Strack and Waddington  reported increased respiration in hollows but no significantly different respiration in hummocks with lowereing of the water table. Their study was one of the few that considered peatland microtopography and treated separately respiration in hummocks from respiration in hollows. Other recent field experiments have reported a lack of correlation between the WT depth and ecosystem respiration [Lafleur et al., 2005a; Moore et al., 2003; Updegraff et al., 2001; Scanlon and Moore, 2000], mostly explained by the small contribution of deep peat [Blodau et al., 2007]. Limited CO2 production from deep peat was attributed to (1) the low proportion of readily available organic carbon [Updegraff et al., 1995; Nadelhoffer et al., 1991], (2) accumulation of recalcitrant humic compounds [Hogg et al., 1992], (3) unavailability of suitable electron acceptors [Lafleur et al., 2005a; Frolking et al., 2001; Waddington et al., 2001], and (4) low soil temperatures at depth [Blodau et al., 2007].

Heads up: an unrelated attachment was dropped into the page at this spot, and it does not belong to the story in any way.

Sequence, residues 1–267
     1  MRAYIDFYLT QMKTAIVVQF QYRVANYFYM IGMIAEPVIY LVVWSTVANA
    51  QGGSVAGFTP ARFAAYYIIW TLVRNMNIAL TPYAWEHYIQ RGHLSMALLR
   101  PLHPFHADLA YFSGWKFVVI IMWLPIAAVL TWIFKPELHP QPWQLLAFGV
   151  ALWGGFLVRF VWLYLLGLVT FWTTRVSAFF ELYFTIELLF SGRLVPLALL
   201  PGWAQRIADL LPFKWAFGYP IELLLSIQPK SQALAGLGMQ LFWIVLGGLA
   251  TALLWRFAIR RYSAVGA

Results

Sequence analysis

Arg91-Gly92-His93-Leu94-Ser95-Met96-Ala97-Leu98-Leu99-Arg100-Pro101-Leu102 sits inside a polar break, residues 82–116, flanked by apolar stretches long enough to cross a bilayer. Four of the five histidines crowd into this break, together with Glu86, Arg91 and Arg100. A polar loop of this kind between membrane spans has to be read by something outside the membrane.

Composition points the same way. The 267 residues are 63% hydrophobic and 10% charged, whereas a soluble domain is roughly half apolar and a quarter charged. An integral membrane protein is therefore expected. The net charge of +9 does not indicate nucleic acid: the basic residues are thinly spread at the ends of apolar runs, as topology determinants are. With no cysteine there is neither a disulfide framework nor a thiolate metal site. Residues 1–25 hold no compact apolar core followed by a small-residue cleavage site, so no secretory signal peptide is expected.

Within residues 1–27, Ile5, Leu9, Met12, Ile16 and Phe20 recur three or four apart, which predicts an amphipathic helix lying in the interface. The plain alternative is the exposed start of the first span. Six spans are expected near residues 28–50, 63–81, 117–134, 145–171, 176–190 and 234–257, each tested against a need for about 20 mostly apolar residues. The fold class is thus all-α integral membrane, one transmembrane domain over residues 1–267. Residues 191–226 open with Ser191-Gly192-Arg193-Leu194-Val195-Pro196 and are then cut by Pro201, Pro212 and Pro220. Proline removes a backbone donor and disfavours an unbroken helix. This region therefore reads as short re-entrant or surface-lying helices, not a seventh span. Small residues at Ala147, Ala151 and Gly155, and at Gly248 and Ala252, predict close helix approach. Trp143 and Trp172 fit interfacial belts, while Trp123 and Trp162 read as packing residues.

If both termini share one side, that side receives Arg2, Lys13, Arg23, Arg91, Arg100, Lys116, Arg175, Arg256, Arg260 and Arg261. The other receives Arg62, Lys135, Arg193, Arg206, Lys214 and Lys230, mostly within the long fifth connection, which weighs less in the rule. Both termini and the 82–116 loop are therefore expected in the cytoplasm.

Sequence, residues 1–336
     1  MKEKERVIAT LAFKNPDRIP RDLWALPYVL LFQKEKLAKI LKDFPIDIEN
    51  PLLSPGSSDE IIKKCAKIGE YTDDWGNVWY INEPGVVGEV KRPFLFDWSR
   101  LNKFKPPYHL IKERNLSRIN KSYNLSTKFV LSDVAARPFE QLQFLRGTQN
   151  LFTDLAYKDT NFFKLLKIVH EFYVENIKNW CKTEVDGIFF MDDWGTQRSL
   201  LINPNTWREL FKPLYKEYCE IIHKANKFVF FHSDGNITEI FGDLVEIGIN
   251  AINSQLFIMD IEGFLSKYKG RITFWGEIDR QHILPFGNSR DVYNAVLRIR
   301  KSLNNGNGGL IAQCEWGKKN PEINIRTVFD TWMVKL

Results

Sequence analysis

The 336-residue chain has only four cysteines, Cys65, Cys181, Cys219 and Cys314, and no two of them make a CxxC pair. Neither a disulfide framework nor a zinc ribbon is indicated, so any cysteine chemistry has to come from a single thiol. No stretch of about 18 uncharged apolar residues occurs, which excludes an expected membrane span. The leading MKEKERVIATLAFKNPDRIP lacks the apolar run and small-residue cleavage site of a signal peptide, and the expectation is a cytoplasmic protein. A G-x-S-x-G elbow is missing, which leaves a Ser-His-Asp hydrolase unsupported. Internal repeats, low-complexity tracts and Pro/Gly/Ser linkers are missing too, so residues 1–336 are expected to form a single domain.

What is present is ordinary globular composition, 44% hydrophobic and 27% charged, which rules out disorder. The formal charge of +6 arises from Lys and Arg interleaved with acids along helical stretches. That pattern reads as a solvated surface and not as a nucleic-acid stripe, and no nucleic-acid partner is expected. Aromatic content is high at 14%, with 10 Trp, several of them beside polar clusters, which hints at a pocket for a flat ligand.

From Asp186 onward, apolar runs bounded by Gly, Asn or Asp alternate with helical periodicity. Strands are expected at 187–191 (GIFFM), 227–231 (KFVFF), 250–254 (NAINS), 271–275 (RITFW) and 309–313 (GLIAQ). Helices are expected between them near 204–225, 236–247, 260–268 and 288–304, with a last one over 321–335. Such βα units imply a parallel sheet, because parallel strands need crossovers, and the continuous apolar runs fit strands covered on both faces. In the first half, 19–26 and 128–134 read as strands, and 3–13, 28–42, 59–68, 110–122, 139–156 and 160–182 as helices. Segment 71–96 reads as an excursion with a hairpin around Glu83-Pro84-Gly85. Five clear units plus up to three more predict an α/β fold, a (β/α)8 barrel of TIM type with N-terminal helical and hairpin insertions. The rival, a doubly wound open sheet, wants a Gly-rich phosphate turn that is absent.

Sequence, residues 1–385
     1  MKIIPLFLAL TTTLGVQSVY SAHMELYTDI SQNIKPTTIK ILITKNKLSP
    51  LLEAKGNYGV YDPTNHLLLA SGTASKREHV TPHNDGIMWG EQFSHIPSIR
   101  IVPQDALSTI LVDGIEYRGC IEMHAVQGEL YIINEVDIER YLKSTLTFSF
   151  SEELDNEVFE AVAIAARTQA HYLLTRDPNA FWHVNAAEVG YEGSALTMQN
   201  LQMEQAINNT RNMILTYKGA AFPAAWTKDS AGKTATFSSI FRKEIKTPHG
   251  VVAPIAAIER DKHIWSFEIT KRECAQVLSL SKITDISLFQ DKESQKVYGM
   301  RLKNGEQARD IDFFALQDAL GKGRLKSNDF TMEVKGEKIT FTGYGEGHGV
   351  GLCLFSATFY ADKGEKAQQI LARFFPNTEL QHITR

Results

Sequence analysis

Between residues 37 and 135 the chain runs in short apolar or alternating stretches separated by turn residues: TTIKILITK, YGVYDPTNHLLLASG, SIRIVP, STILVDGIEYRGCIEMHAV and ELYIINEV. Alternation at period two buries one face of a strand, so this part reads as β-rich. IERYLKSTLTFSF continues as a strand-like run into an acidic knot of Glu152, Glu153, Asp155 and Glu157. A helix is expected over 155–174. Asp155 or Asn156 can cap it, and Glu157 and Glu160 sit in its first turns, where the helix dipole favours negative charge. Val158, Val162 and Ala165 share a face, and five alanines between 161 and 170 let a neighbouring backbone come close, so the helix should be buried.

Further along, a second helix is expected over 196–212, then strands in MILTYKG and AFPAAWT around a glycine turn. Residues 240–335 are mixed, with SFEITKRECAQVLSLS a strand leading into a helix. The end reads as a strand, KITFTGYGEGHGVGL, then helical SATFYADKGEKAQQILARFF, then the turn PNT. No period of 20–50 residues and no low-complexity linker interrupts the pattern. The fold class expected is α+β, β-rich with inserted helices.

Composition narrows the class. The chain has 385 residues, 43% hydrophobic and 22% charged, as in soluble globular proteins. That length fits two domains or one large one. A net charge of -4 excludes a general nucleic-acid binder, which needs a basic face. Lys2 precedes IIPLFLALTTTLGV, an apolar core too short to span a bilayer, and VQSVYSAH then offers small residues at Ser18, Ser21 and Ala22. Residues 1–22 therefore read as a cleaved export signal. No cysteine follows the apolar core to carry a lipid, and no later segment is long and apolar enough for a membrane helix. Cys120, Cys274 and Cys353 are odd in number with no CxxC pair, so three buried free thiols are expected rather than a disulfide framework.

1.2. Advances in Modeling of Hydrological Effects on Respiration
 Process-based models are well suited for investigating the effects of hydrology on ecosystem respiration because it is possible to distinguish the effects of moisture from those of soil temperature and nutrients within the peat profile. The ecosys model [Grant, 2001], which couples ecosystem hydrology, soil thermal regime and carbon balance, has been shown to simulate reasonably well hourly dynamics of water table, θ and soil temperatures at various depths in hummocks and hollows [Dimitrov et al., 2010a, 2010b]. The model was applied to simulate bog ecosystem respiration in this study.
 Ecosys has an advantage to other models for peat carbon balance, such as PCARS [Frolking et al., 2002], PDM [Frolking et al., 2001], InTEC V3.0 [Ju et al., 2006] and MWM [St-Hilaire et al., 2008], in that it can explicitly simulate CO2 production in soil by diverse heterotrophic and autotrophic microbial populations that drive substrate hydrolysis, oxidation-reduction reactions and nutrient uptake, which in turn drive microbial growth [Grant, 2001]. Oxidation-reduction reactions in ecosys are determined by demand for and supply of electron acceptors, such as O2, NO3−, NO2−, N2O, H2, and reduced C [Grant and Pattey, 2003, 1999; Grant and Roulet, 2002; Grant and Rochette, 1994], so that a range of aerobic and anaerobic reactions are simulated. In contrast, most of the above peatland models simulate decomposition and respiration by prescribed first-order decay rates as hydrological effects on these processes are formulated through empirical multipliers.
1.3. Objectives and Hypotheses